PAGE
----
If you’re not entirely familiar with the world of cryptocurrencies, it may be tempting to view it as a fringe industry, or dismiss it as nothing more than a passing fad.


Surely, no legitimate financial institution operating within standard conventions would get involved in such a fringe space, right? And by no means would a legitimate institution view cryptos as “the future”?


Or would they? If you’re not paying close attention to what’s happening in the crypto sphere, then it’s likely that you don’t know what’s going on beneath the surface.


Did you know that over the last few years, Bank of America has filed over 50 patents for blockchain and cryptocurrency tech? In fact, according to a document published by the US patent office (USPTO), they just filed one for a secure crypto storage system.


Bank of America has the largest number of cryptocurrency and blockchain patents. And why? To ensure that BofA doesn’t become obsolete.


This implies that Bank of America sees both blockchain and cryptocurrencies as a major disruptor in the financial landscape–one that will not only play a role in future finance, but one that might even define the future landscape of finance.


The patent is titled “Block Chain Encryption Tags,” and it details a system in which enterprise-level crypto  transactions can be securely recorded and stored by implementing a proprietary form of encryption.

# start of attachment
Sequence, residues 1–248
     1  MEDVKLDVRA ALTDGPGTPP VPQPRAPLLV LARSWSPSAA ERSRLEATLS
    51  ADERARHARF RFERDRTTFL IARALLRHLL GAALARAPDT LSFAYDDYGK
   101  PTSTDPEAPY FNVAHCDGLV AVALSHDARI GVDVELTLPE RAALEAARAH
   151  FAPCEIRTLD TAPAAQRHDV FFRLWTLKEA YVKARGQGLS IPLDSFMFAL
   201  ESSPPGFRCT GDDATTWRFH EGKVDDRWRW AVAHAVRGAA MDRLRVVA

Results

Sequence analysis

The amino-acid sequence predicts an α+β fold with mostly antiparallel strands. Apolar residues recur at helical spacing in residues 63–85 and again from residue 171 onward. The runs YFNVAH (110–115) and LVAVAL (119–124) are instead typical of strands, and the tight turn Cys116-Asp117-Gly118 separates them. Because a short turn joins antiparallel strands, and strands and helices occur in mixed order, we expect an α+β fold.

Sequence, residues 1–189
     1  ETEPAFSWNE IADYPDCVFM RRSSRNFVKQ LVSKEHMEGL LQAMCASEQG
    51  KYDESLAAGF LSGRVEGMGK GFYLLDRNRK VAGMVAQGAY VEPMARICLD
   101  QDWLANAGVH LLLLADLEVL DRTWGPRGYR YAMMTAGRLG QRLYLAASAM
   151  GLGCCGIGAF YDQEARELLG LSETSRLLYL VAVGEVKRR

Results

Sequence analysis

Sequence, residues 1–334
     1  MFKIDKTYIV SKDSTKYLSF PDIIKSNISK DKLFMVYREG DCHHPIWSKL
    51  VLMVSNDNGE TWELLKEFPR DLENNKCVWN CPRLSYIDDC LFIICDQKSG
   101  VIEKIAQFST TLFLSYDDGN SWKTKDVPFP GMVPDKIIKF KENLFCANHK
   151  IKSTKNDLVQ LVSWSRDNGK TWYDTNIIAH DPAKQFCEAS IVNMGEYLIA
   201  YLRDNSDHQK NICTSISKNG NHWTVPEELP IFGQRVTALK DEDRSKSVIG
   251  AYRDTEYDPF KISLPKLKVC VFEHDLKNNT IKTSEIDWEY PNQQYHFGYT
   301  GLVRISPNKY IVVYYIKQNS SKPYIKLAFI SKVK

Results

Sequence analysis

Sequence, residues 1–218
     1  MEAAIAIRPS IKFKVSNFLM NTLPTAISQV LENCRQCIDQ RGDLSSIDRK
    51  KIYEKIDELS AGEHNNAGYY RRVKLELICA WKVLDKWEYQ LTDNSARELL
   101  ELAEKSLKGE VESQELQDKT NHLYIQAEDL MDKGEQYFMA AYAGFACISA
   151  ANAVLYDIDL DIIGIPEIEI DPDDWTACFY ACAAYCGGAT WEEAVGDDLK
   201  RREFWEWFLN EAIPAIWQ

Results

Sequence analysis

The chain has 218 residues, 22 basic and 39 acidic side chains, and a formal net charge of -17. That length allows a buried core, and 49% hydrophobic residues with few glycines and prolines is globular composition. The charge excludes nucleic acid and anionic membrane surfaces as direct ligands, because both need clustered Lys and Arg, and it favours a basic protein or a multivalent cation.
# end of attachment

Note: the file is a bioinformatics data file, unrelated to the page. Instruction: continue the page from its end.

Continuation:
Cointelegraph’s Helen Partz describes it in greater detail:


“In the patent document filed on April 18, 2018, the North Carolina-based bank introduced a system that includes a device with a processor that first receives a set of data elements, and then acquires an encryption key prior to encrypting the elements within the first block on a blockchain.


The device further combines the encryption key with the generated encrypted element map in order to create and then encrypt the “creator tag,” which is then further embedded and published within the first block of the blockchain.”


Not surprisingly, considering how the emerging and untested nature of cryptocurrencies can create “reputational risk” for such a conventional institution, Bank of America’s public stance on cryptos has been skeptical if not entirely negative.


Just last May, BofA reiterated their views on cryptos as “troubling,” while banning their own clients from buying using their credit cards to buy cryptocurrencies.


Privately, however, BofA had been acquiring patents for the development of a crypto exchange system, as it feared a potential future scenario in which it would be unable to compete with crypto’s growing adoption; that  “services and products evolving industry standards and consumer preferences” may render Bof A obsolete.

Perhaps their patents serve as a hedge for a future that may never pass. But the fear of that future scenario is enough to get BofA to take quite labored action. Or perhaps they hold a clear vision that signals a legitimate opportunity to dominate a segment of the market.

Either way, the only people who seem not to believe that cryptocurrencies may someday define the future of business are the majority of investors.

Judging from the actions of many financial institutions–regardless of what they have been saying in a public forum–the world of finance sees things differently.

And as investors are exiting the crypto space, institutions are looking to dominate it.


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